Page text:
A.           The Statutory Scheme, the Return Process and the Fine Instead of Forfeiture Provision.

[22]                          Under the scheme of the proceeds of crime regime in the Code , the issue before this Court only arises in limited circumstances when five pre-conditions are met.

[23]                          First, the accused is charged with a “designated offence”, as defined under s. 462.3(1).

[24]                          Second, property is seized. Parliament has allowed the state to take property from an accused on the basis of reasonable and probable grounds that the property may eventually be proven to be proceeds of crime (ss. 462.32(1) and 462.33(1)). This seizure occurs at a time when the accused is presumed innocent and, in law, remains the legal owner of the seized property unless and until the property is forfeited at sentencing. The seizure of property from persons still presumed to be innocent was quite extraordinary at the time the proceeds of crime regime was enacted in 1988 (G. J. Rose, “Non-Part XII.2 Warrants and Proceeds of Crime” (1996), 38 Crim. L.Q. 206, at pp. 210-11).

[25]                          Third, the accused makes an application for the return of the seized property to pay for reasonable legal fees under s. 462.34(4)  to (6) .  For our purposes, the relevant portions of the section read:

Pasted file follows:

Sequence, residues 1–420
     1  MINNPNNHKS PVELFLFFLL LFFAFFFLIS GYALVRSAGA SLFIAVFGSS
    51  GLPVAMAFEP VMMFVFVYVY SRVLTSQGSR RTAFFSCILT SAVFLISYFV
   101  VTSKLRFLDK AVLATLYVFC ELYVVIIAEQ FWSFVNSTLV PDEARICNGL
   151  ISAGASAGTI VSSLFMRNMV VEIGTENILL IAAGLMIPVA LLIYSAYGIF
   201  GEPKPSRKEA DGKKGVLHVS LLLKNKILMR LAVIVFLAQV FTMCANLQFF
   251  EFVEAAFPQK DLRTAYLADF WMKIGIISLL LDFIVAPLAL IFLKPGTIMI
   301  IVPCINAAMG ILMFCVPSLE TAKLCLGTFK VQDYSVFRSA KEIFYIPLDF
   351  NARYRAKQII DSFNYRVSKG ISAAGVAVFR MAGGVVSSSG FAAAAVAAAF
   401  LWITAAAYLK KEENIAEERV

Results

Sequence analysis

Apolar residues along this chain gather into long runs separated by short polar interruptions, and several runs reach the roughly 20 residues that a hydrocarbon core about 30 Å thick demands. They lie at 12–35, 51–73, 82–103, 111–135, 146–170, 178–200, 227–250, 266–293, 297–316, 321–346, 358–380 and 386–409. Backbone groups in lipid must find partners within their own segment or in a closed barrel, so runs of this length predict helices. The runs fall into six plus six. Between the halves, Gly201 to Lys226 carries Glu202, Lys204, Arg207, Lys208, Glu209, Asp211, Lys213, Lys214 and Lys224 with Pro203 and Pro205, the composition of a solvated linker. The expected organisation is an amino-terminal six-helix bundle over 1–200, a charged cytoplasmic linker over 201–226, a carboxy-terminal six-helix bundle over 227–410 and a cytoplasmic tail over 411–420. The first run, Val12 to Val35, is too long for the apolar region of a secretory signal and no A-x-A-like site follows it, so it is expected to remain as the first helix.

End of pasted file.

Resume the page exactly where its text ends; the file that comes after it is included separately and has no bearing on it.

(4) On an application made to a judge under paragraph (1)(a) in respect of any property and after hearing the applicant and the Attorney General and any other person to whom notice was given pursuant to paragraph (2)(b), the judge may order that the property or a part thereof be returned to the applicant or, in the case of a restraint order made under subsection 462.33(3), revoke the order, vary the order to exclude the property or any interest in the property or part thereof from the application of the order or make the order subject to such reasonable conditions as the judge thinks fit,

 

(c) for the purpose of

(ii) meeting the reasonable business and legal expenses of a person referred to in subparagraph ….

if the judge is satisfied that the applicant has no other assets or means available for the purposes set out in this paragraph and that no other person appears to be the lawful owner of or lawfully entitled to possession of the property.